After hours of meetings, Vassalboro school and town officials have come up with a budget to present to voters on June 4 that pleases few if any of them.
The major problem is that if voters approve the expenditures proposed by the school board and selectmen, they will increase their tax rate by 0.90 mils (90 cents for each $1,000 of valuation), from the current 14.55 mils to a projected 15.45 mils. According to figures Town Manager Mary Sabins prepared for the May 2 selectmen’s meeting at which the town meeting warrant articles were approved:
- The proposed $2.061 million municipal budget for 2018-19 has gone up a little more than two percent over the current year, but because non-tax revenues are expected to increase, the municipal budget will require over $27,000 less in taxes.
- The $335,327 Kennebec County tax, which the town is obligated to pay, is up four percent, adding close to $13,000 due from taxes.
- The $7.731 million school budget, by far the largest of the three, will require well over $328,000 in additional tax revenue, by Sabins’ calculations.
The town meeting warrant consists of 56 articles to be decided June 4 and two more that voters will act on at the polls on June 12, ratifying or rejecting the school budget approved June 4 and electing local officials (one selectman and one school board member).
The June 4 open meeting begins at 6:30 p.m. at Vassalboro Community School. In addition to budget issues, voters will elect budget committee members, set various policies and approve or reject amendments to Vassalboro’s Building Permit Ordinance. There are currently two vacancies on the budget committee, and Elizabeth Reuthe said she does not intend to serve again.
After long discussions, the budget committee voted to differ with selectmen on one expenditure article and with school board members on another.
The selectmen propose setting aside $37,500 from taxes for two reserve funds, $25,000 to go toward a new plow truck and $12,500 as half the estimated cost of a new metal roof on the Riverside fire station. The budget committee recommends the same amounts, but advocates taking the $37,500 from the town’s surplus (also known as unassigned or undesignated fund balance) instead of from taxes.
In the school budget, the school board recommends for Vassalboro Community School administration $329,119.48, a 14 percent increase from the current year, primarily because the incoming principal will command a higher salary than the outgoing one. The budget committee recommends $279,119.48, or $50,000 less.
Several budget committee members said their goal is to make sure there is a debate over school spending on June 4. In recent years, voters impatient to end the meeting have approved voting on all the school budget articles as a group, an action that has had the effect of limiting discussion.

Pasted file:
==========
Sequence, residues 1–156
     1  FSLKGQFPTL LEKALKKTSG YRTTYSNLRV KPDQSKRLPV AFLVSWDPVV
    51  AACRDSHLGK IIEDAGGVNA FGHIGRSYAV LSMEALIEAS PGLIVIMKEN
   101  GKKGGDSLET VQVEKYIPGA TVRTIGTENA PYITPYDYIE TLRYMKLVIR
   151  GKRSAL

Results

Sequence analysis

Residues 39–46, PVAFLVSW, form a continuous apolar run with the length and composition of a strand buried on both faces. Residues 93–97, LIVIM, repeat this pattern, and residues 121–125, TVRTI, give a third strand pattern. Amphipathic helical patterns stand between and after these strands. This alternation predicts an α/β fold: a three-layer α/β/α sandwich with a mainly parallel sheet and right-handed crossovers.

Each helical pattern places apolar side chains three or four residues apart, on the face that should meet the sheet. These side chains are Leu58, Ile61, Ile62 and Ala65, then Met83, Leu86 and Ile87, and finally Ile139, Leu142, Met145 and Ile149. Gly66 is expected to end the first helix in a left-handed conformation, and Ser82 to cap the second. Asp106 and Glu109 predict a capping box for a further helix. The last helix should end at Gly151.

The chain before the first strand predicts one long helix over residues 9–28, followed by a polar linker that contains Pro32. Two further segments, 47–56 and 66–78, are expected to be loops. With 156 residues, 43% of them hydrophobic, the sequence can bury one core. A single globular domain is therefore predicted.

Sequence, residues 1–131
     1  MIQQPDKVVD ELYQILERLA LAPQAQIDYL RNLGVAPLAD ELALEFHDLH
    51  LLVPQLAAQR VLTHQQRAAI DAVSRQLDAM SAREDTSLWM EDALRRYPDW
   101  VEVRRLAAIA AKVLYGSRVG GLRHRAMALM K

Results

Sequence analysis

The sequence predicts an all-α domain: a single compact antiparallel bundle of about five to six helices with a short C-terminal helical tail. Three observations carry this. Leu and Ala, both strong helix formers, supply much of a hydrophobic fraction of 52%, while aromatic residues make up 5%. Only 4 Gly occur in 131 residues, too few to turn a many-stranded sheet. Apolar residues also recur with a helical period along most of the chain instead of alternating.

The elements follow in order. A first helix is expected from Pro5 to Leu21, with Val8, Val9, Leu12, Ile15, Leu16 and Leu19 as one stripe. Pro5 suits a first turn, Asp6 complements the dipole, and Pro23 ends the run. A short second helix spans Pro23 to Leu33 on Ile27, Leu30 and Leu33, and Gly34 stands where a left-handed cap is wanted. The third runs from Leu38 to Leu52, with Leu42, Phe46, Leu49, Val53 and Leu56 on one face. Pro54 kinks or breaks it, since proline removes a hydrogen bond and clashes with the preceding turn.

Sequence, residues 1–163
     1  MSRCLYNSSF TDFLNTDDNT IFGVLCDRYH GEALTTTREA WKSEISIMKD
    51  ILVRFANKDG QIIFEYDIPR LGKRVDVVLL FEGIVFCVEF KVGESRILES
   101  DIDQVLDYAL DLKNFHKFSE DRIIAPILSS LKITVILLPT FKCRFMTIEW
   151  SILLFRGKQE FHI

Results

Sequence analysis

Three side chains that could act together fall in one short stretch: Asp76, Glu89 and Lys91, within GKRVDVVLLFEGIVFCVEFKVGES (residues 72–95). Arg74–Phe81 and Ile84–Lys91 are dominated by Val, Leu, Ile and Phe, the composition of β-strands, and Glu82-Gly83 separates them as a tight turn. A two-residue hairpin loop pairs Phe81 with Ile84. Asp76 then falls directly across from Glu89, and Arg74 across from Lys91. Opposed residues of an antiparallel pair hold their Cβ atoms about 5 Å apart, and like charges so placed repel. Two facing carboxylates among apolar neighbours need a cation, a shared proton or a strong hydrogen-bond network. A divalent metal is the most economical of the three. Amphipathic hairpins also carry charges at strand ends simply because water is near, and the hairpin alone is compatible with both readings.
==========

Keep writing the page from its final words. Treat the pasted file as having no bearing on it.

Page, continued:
The school board approved its budget recommendations at a special meeting on April 25, after earlier discussions in March and April. The vote was not unanimous; Susan Tuthill was absent and Jessica Clark voted against the budget request, explaining afterward that she believes the resulting tax increase is “too much for the town.”
School board members have repeatedly revised the budget downward. At the April 25 meeting, AOS (Alternative Organizational Structure) #92 Superintendent Eric Haley and Finance Director Paula Pooler presented what they consider the final cuts and rearrangements they can safely recommend.
They hope for state approval for two new buses this year. They could ask for one, Haley said – and risk student safety. Similarly, they could assume one fewer home-schooler will enter high school at town expense in 2018-19 – and risk a major hole in the budget.
School Board Chairman Kevin Levasseur and retiring Principal Dianna Gram urged support of the budget request. Gram said Vassalboro Community School is dealing with the difficult task of accommodating special-needs students without shortchanging regular students. The number of very expensive out-of-district placements has declined during her tenure, she said, especially since the school’s student support center opened.
Gram said 29 percent of VCS students need some kind of special help. School board member Jolene Clark Gamage expects the number will increase, primarily due to Maine’s drug problem.
If voters reject the budget, Pooler said the only way to get a meaningful decrease would be to cut personnel, a move Haley said “would decimate the school.”
Budget committee members are distressed at the tax increase, and also unhappy with the school board’s decision to sign a three-year contract to continue using Waterville’s central office services despite the dissolution of the AOS. Several committee members suggested school board members had accepted Haley’s advice to stay with Waterville without adequately researching alternatives.
Budget committee members pointed out repeatedly that school choice – allowing Vassalboro high school students to go wherever they want – is a costly option. Eliminating choice and requiring town-supported students to attend only one high school would need voters’ approval, and they are aware that school choice has wide support among residents.
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